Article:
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Breath : the new science of a lost art / James Nestor.

By: Nestor, James [author.]
Material type: TextTextPublisher: New York : Riverhead Books, 2020Description: xxii, 280 pages ; 24 cmContent type: text Media type: unmediated Carrier type: volumeISBN: 9780735213616 :; 0735213615 :Subject(s): Breathing exercises | RespirationAdditional physical formats: Online version:: BreathDDC classification: 613/.192 LOC classification: RA782 | .N47 2020
Contents:
The experiment -- The worst breathers in the animal kingdom -- Mouthbreathing -- The lost art and science of breathing -- Nose -- Exhale -- Slow -- Less -- Chew -- Breathing -- More, on occasion -- Hold it -- Fast, slow, and not at all -- Epilogue: A last gasp.
Summary: "No matter what you eat, how much you exercise, how resilient your genes are, how skinny or young or wise you are, none of it matters if you're not breathing properly. There is nothing more essential to our health and wellbeing than breathing: take air in, let it out, repeat 25,000 times a day. Yet, as a species, humans have lost the ability to breathe correctly, with grave consequences. Science journalist James Nestor travels the world to figure out what went wrong with our breathing and how to fix it. Why are we the only animals with chronically crooked teeth? Why didn't our ancestors snore? Nestor seeks out answers in muddy digs of ancient burial sites, secret Soviet facilities, New Jersey choir schools, and the smoggy streets of Sao Paulo, Brazil. He tracks down men and women exploring the science behind ancient breathing practices like Pranayama, Sudarshan Kriya, and Tummo and teams up with pulmonary tinkerers to scientifically test long-held beliefs about how we breathe. Modern research is showing us that changing the ways in which we breathe can jump-start athletic performance, halt snoring, rejuvenate internal organs, mute allergies and asthma, blunt autoimmune disease, and straighten scoliotic spines. None of this should be possible, and yet it is. Drawing on thousands of years of medical texts and recent cutting-edge studies in pulmonology, psychology, biochemistry, and human physiology, Breath turns the conventional wisdom of what we thought we knew about our most basic biological function on its head. You will never breathe the same again"-- Provided by publisher.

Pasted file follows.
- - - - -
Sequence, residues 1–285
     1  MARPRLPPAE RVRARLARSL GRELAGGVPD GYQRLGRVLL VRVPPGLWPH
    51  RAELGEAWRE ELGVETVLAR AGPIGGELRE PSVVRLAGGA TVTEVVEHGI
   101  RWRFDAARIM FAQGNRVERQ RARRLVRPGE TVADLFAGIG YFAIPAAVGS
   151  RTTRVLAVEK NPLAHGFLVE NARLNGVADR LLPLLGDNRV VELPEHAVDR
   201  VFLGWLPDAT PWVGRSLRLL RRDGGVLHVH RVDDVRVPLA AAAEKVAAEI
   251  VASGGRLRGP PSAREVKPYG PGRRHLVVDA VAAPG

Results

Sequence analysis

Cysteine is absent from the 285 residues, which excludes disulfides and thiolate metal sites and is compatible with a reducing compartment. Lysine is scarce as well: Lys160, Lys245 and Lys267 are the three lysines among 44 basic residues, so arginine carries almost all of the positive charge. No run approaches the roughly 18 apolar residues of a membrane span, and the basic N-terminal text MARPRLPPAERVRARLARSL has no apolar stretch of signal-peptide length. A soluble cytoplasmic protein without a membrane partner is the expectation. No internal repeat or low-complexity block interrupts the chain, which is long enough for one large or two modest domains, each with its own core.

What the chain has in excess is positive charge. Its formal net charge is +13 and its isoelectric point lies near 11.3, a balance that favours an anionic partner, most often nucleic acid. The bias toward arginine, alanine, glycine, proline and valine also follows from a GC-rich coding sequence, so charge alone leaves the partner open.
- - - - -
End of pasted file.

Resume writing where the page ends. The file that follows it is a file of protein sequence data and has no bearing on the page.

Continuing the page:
List(s) this item appears in: New Adult Non-Fiction
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Item type Current location Call number Status Date due Barcode
Adult Non-Fiction Adult Non-Fiction Raymond Village Library
Non-Fiction
613 NES (Browse shelf) Checked out 08/19/2020 34071000301375

Includes bibliographical references (pages 231-269) and index.

The experiment -- The worst breathers in the animal kingdom -- Mouthbreathing -- The lost art and science of breathing -- Nose -- Exhale -- Slow -- Less -- Chew -- Breathing -- More, on occasion -- Hold it -- Fast, slow, and not at all -- Epilogue: A last gasp.

"No matter what you eat, how much you exercise, how resilient your genes are, how skinny or young or wise you are, none of it matters if you're not breathing properly. There is nothing more essential to our health and wellbeing than breathing: take air in, let it out, repeat 25,000 times a day. Yet, as a species, humans have lost the ability to breathe correctly, with grave consequences. Science journalist James Nestor travels the world to figure out what went wrong with our breathing and how to fix it. Why are we the only animals with chronically crooked teeth? Why didn't our ancestors snore? Nestor seeks out answers in muddy digs of ancient burial sites, secret Soviet facilities, New Jersey choir schools, and the smoggy streets of Sao Paulo, Brazil. He tracks down men and women exploring the science behind ancient breathing practices like Pranayama, Sudarshan Kriya, and Tummo and teams up with pulmonary tinkerers to scientifically test long-held beliefs about how we breathe. Modern research is showing us that changing the ways in which we breathe can jump-start athletic performance, halt snoring, rejuvenate internal organs, mute allergies and asthma, blunt autoimmune disease, and straighten scoliotic spines. None of this should be possible, and yet it is. Drawing on thousands of years of medical texts and recent cutting-edge studies in pulmonology, psychology, biochemistry, and human physiology, Breath turns the conventional wisdom of what we thought we knew about our most basic biological function on its head. You will never breathe the same again"-- Provided by publisher.

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